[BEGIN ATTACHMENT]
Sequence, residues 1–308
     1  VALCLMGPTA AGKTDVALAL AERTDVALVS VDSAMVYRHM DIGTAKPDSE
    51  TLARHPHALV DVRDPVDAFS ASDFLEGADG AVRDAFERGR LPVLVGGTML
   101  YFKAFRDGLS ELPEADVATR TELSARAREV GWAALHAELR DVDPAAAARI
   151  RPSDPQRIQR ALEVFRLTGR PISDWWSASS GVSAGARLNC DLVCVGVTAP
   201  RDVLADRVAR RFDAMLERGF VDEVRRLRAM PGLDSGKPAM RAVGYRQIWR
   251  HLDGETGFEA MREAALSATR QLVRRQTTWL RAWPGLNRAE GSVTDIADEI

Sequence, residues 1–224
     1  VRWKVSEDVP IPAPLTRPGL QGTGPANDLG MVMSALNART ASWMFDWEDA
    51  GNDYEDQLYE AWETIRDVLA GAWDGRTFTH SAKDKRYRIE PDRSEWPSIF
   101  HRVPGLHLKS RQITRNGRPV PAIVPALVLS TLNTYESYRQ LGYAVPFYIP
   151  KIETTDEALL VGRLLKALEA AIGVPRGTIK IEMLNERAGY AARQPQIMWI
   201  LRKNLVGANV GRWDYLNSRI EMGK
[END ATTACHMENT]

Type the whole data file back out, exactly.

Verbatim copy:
Sequence, residues 1–308
     1  VALCLMGPTA AGKTDVALAL AERTDVALVS VDSAMVYRHM DIGTAKPDSE
    51  TLARHPHALV DVRDPVDAFS ASDFLEGADG AVRDAFERGR LPVLVGGTML
   101  YFKAFRDGLS ELPEADVATR TELSARAREV GWAALHAELR DVDPAAAARI
   151  RPSDPQRIQR ALEVFRLTGR PISDWWSASS GVSAGARLNC DLVCVGVTAP
   201  RDVLADRVAR RFDAMLERGF VDEVRRLRAM PGLDSGKPAM RAVGYRQIWR
   251  HLDGETGFEA MREAALSATR QLVRRQTTWL RAWPGLNRAE GSVTDIADEI

Sequence, residues 1–224
     1  VRWKVSEDVP IPAPLTRPGL QGTGPANDLG MVMSALNART ASWMFDWEDA
    51  GNDYEDQLYE AWETIRDVLA GAWDGRTFTH SAKDKRYRIE PDRSEWPSIF
   101  HRVPGLHLKS RQITRNGRPV PAIVPALVLS TLNTYESYRQ LGYAVPFYIP
   151  KIETTDEALL VGRLLKALEA AIGVPRGTIK IEMLNERAGY AARQPQIMWI
   201  LRKNLVGANV GRWDYLNSRI EMGK